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College Physics

College Physics

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K-MODDL > Tutorials > Reuleaux Triangle If an enormously heavy object has to be moved from one spot to another, it may not be practical to move it on wheels. Instead the object is placed on a flat platform that in turn rests on cylindrical rollers (Figure 1). As the platform is pushed forward, the rollers left behind are picked up and put down in front. An object moved this way over a flat horizontal surface does not bob up and down as it rolls along. Atomic Test Effects in the Nevada Test Site Region Thirty-one atomic fission weapons, weapon prototypes, or experimental devices were fired in Nevada from January 1951 to January 1955. All were relatively small in explosive power. They ranged from less than one kiloton up to considerably less than 100 kilotons. (A kiloton is equal to 1,000 tons of TNT.) The forces released by test detonations in Nevada are very small compared to the tremendous forces released by the large fission and hydrogen weapons tested in the Pacific. So-called "H-bombs" are not tested in Nevada.

Elementary Concepts in Statistics In this introduction, we will briefly discuss those elementary statistical concepts that provide the necessary foundations for more specialized expertise in any area of statistical data analysis. The selected topics illustrate the basic assumptions of most statistical methods and/or have been demonstrated in research to be necessary components of our general understanding of the "quantitative nature" of reality (Nisbett, et al., 1987). We will focus mostly on the functional aspects of the concepts discussed and the presentation will be very short. Further information on each of the concepts can be found in statistical textbooks. The Oh-My-God Particle by John Walker January 4, 1994 Fly's Eye The University of Utah operates a cosmic ray detector called the Fly's Eye II, situated at the Dugway Proving Ground about an hour's drive from Salt Lake City. The Fly's Eye consists of an array of telescopes which stare into the night sky and record the blue flashes which result when very high energy cosmic rays slam into the atmosphere. From the height and intensity of the flash, one can calculate the nature of the particle and its energy. On the night of October 15, 1991, the Fly's Eye detected a proton with an energy of 3.2±0.9×1020 electron volts.[1,2] By comparison, the recently-canceled Superconducting Super Collider (SSC) would have accelerated protons to an energy of 20 TeV, or 2×1013 electron volts—ten million times less.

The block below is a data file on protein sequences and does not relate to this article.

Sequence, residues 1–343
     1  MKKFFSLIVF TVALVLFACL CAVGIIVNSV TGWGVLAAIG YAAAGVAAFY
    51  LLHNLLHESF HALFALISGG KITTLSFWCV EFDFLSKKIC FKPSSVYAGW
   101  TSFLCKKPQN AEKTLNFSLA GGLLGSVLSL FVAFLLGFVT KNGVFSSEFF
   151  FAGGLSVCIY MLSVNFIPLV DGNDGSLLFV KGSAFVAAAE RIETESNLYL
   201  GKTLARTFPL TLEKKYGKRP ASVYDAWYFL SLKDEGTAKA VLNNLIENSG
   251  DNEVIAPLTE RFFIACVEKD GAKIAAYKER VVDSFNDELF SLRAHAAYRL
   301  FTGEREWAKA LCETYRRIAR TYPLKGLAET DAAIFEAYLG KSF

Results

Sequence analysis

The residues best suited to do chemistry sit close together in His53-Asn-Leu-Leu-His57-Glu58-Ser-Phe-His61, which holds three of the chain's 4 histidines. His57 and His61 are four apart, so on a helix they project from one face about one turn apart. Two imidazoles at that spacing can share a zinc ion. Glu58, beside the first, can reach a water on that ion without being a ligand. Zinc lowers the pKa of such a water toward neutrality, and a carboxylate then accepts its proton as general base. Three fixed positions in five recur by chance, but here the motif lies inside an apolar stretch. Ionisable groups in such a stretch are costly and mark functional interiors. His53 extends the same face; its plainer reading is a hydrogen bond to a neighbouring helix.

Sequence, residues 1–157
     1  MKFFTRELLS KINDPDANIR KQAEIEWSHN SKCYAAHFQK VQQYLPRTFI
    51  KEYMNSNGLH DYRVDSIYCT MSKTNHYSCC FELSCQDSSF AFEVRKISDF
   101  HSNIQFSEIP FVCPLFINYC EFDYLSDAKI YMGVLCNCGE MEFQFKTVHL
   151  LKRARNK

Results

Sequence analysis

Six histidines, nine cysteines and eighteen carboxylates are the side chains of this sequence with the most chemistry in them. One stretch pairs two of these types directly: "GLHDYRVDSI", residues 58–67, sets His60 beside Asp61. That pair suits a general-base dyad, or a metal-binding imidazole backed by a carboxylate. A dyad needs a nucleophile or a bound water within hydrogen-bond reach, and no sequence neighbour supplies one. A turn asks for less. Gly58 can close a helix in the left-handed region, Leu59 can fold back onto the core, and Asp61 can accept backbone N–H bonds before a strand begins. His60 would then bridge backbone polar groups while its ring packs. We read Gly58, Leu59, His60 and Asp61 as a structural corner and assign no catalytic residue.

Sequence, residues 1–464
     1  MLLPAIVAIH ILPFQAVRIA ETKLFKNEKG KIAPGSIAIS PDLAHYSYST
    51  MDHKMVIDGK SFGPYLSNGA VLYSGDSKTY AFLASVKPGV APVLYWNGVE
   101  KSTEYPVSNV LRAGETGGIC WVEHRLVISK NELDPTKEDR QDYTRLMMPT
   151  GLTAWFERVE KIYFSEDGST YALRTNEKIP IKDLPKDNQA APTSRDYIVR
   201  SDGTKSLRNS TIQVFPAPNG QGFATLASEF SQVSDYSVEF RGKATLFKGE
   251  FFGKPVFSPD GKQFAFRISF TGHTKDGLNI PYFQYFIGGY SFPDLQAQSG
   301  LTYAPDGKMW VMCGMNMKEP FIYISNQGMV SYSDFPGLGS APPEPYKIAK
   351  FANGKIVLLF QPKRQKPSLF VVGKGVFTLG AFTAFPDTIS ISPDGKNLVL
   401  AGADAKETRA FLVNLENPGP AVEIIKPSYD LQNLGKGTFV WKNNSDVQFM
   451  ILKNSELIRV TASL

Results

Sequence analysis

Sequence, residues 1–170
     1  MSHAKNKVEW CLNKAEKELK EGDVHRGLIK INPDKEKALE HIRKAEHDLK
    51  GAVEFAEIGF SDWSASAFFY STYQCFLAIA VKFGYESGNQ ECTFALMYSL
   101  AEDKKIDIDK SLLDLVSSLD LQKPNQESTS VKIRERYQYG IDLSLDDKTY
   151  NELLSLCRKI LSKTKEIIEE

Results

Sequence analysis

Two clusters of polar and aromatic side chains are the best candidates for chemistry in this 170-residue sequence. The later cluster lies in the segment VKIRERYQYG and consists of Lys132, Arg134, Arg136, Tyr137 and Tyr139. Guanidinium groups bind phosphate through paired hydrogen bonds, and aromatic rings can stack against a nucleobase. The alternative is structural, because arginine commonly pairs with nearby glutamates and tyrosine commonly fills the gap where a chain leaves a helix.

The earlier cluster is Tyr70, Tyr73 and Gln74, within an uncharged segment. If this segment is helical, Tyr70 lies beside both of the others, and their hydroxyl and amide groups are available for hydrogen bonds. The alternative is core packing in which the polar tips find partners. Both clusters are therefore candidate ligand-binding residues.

Einstein for Everyone - StumbleUpon Einstein for Everyone Nullarbor Press 2007revisions 2008, 2010, 2011, 2012, 2013 Copyright 2007, 2008, 2010, 2011, 2012, 2013 John D. Alcubierre Warp Drive Time Travel An Alcubierre Warp Drive stretches spacetime in a wave causing the fabric of space ahead of a spacecraft to contract and the space behind it to expand. The ship can ride the wave to accelerate to high speeds and time travel. The Alcubierre drive, also known as the Alcubierre metric or Warp Drive, is a mathematical model of a spacetime exhibiting features reminiscent of the fictional "warp drive" from Star Trek, which can travel "faster than light" (although not in a local sense - see below). The key characteristics of the application of Alcubierre warp drives for time control and time travel are presented in the picture below. This is followed by more detail describing the effect below. Alcubierre Warp Drive Description

Quadratic Equations: Quadratic Formula Consider the general quadratic equation with . First divide both sides of the equation by a to get Physics envy In science, the term physics envy is used to criticize a tendency (perceived or real) of softer sciences and liberal arts to try to obtain mathematical expressions of their fundamental concepts, as an attempt to move them closer to harder sciences, particularly physics. Evolutionary biologist Ernst Mayr discusses the issue of the inability to reduce biology to its mathematical basis in his book What Makes Biology Unique?.[2] Noam Chomsky discusses the ability and desirability of reduction to its mathematical basis in his article "Mysteries of Nature: How Deeply Hidden."[3] See also[edit]

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